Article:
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Publication numberUS6723282 B1
Publication typeGrant
Application numberUS 09/350,858
Publication dateApr 20, 2004
Filing dateJul 9, 1999
Priority dateNov 25, 1997
Fee statusLapsed
Also published asUS5989310
Publication number09350858, 350858, US 6723282 B1, US 6723282B1, US-B1-6723282, US6723282 B1, US6723282B1
InventorsMen Glenn Chu, Siba P. Ray
Original AssigneeAlcoa Inc.
Export CitationBiBTeX, EndNote, RefMan
External Links: USPTO, USPTO Assignment, Espacenet
Uniform distribution of fine carbide particles in aluminum matrix
US 6723282 B1
Abstract
A novel method for producing a ceramic phase particle dispersoid in metal and a novel product composed thereof. The method includes (a) providing a molten composition consisting essentially of molten aluminum alloy containing molten metal selected form the group consisting of Zr, V and combinations thereof; (b) providing a chloride salt containing fine carbon particles; and (c) reacting the chloride salt containing fine carbon particles in the molten aluminum metal liquid with the molten metal liquid to form a uniform distribution of finely sized carbide particles formed and dispersed in-situ in an aluminum alloy matrix.
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Claims(4)
What is claimed is:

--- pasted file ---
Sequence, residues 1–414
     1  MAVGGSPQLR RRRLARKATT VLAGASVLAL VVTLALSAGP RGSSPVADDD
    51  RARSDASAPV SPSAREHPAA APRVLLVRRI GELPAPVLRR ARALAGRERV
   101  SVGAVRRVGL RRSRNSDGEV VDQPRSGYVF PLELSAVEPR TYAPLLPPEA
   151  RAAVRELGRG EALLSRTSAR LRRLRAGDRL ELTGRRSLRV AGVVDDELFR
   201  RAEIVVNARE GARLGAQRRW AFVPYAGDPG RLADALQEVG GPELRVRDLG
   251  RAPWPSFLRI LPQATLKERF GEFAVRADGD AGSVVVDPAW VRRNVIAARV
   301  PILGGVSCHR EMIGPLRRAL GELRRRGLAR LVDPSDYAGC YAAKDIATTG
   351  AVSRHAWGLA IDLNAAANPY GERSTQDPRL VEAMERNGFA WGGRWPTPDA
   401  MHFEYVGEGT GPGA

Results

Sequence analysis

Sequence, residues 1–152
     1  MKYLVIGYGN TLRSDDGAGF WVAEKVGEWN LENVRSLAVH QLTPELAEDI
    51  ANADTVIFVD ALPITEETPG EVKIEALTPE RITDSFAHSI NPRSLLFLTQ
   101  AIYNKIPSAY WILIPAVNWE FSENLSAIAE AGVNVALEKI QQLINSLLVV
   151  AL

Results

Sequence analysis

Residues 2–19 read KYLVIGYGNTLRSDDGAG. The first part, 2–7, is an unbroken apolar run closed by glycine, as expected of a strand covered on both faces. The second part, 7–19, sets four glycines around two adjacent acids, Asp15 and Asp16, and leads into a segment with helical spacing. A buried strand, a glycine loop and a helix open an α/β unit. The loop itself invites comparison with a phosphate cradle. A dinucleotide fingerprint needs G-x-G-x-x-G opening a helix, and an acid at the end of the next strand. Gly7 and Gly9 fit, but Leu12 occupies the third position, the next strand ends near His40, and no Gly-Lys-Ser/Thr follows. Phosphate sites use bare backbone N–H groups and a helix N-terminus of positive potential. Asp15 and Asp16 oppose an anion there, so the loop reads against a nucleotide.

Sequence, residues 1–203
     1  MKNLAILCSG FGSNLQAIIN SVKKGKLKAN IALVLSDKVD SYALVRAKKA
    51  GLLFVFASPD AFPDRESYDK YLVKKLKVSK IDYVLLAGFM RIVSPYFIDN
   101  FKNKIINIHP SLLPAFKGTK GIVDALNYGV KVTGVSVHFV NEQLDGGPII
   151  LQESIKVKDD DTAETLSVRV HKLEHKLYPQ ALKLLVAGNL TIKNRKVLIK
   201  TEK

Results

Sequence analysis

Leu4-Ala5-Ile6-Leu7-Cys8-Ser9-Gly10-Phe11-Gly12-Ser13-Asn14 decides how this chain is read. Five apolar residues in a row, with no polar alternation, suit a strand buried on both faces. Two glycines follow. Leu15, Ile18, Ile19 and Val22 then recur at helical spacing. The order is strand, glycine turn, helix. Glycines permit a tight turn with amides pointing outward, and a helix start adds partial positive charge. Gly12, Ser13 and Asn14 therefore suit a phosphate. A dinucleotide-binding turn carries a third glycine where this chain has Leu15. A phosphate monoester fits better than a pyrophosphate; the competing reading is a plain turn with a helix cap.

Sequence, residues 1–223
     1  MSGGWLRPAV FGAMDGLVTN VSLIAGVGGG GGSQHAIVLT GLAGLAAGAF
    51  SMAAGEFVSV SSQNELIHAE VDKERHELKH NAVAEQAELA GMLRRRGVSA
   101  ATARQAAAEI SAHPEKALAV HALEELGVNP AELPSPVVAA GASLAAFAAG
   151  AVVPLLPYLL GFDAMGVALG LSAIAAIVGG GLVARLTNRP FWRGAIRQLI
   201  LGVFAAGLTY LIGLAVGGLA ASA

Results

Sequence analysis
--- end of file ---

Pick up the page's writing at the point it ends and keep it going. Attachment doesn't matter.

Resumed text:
1. A ceramic dispersoid in metal product, comprising:
(a) a matrix metal of aluminum and
(b) a uniform cluster-free distribution of no more that two particles attached to one another at a magnification of 500× having an average particle size of less than about 0.3 microns, said finely sized metal carbide particles selected from the group consisting of Sc, Hf Nb, Mo, and V and said finely sized metal carbide particles formed and dispersed in-situ in said metal matrix of aluminum.
2. The ceramic dispersoid in metal product of claim 1 wherein said finely sized metal carbide particles are scandium carbide.
3. The ceramic dispersoid in metal product of claim 1 wherein said finely sized metal carbide particles are vanadium carbide.
4. The ceramic dispersoid in metal product of claim 1 wherein said finely sized metal carbide particles are molybdenum carbide.
Description
CROSS REFERENCE TO THE RELATED APPLICATIONS

This application is a division of application Ser. No. 08/978,221, filed on Nov. 25, 1997 now U.S. Pat. No. 5,989,310.

TECHNICAL FIELD OF THE INVENTION

The present invention relates to fine ceramic particles formed in-situ in metal and in alloys by the liquid-state process, and to products containing the fine ceramic particles formed in-situ in metal and in alloys by the liquid-state process. In one aspect, the present invention relates to a process for producing a material containing uniformly dispersed, finely sized ceramic phase particles, e.g., such as titanium carbide particles, formed in-situ in metals and in alloys by the liquid-state process.

BACKGROUND OF THE INVENTION

The aluminum and aerospace industries have long sought a method to ran control recrystallization of aluminum alloys during deformation operations to permit the design of aluminum airframes with improved structural properties.